But, we can take this a step further and actually see what happens when we try to correct vitamin A deficiency using dietary carotenoids in human subjects. [15][16][17][18][19][20] On the whole, eating foods rich in carotenoids reliably improves and/or normalizes vitamin A status. Even foods that have been genetically engineered to have higher levels of carotenoids reliably improve vitamin A status in humans. [21] In fact, a newer study published in 2020 found no differences in retinol status between BCO1 genotypes in a population consuming low amounts of preformed retinol. [22]

Let me explain what's happening here. These genetic variants likely aren't changing the total amount of retinol converted from carotenoids. Likely the only thing that's happening here is that the conversion curve is changing shape without a change to the area under that curve. Meaning that across these genetic variants, people are capable of converting the same amount of retinol from carotenoids, but the rate at which they make that conversion is slightly longer in those with the so-called impairments. In my opinion, this is the most parsimonious way to reconcile the data.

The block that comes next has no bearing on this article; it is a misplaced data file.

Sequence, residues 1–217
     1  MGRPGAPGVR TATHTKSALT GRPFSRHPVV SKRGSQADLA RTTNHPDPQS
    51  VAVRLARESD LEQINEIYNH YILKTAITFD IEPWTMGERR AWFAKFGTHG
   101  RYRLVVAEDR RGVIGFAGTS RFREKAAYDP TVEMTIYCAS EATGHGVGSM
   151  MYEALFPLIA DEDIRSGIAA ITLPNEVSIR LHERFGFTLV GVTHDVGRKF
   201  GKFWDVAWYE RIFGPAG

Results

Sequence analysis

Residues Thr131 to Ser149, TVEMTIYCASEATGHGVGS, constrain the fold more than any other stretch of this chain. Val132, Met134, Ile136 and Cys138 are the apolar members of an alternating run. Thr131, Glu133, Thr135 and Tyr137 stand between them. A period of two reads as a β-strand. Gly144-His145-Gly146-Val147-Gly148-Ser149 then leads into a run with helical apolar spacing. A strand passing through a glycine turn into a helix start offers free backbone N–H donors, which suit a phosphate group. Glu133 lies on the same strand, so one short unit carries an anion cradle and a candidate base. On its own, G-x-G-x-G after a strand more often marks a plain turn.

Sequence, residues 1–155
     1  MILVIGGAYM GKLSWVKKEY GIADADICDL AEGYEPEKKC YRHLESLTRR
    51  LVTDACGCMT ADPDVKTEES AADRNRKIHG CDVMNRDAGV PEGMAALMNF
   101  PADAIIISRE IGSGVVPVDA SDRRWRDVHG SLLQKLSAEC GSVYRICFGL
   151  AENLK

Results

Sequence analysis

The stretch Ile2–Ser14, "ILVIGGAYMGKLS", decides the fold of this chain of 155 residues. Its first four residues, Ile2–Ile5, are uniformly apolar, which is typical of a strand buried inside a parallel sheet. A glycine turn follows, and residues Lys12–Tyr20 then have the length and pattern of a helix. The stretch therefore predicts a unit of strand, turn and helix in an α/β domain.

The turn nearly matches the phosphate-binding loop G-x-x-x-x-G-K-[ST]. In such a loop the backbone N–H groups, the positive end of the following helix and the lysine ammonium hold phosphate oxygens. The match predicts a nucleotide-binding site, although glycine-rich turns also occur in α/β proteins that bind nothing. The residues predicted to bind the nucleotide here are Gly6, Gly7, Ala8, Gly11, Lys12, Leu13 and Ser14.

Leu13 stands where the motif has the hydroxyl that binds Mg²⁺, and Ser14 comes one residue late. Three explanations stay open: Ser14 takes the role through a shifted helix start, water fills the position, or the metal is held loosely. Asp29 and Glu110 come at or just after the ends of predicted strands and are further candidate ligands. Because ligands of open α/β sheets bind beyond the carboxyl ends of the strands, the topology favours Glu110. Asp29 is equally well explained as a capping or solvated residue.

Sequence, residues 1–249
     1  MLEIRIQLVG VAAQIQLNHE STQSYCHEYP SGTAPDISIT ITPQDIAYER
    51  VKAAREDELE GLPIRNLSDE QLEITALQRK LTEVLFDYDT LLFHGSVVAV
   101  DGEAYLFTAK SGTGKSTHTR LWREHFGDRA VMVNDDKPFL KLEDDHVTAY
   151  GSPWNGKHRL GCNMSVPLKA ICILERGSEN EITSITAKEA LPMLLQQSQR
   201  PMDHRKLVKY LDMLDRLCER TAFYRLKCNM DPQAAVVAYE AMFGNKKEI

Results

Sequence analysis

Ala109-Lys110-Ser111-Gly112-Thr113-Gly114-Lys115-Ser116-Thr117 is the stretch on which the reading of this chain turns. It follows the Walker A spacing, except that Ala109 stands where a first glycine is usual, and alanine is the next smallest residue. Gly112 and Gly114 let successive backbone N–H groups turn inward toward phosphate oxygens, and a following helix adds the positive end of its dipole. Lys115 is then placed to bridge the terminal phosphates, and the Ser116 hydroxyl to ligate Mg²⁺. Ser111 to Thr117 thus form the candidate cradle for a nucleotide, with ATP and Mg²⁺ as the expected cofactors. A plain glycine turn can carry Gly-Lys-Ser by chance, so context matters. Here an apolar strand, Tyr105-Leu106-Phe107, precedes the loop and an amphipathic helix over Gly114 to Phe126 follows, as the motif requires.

As a side note, the only cases of vitamin A toxicity (hypervitaminosis A) from whole foods that I could find in the literature involved the consumption of preformed retinol from liver. [23][24][25][26][27] In one case, a child died from consuming chicken liver pate sandwiches. I could find no case reports of such vitamin A toxicity related to carotenoids.

Claim #7 (06:58):

A 2021 study found vegan Finnish children had insufficient vitamin A and a 2020 German study found vegans to have a lower vitamin A level than omnivores. [28][29]

In both studies, vegan participants had lower vitamin A status, but again, this seemed to be clinically irrelevant. With the authors of the Finnish study concluding that none of the vegans could be classified as deficient, and the the authors of the German study reporting that Vitamin A status among vegans was still well within the reference range.

We should be starting to see a pattern here, and this should lead us to question the utility of having higher vitamin A status as a consequence of consuming preformed retinol. Even if we granted that you will boast a higher vitamin A status as an omnivore, it's not clear that possessing a higher status actually has any clinical benefit or advantage. I don't know why it would be desirable. Is Joseph prepared to resign himself to affirming that more is simply better? Shall we coin this the Everett Fallacy?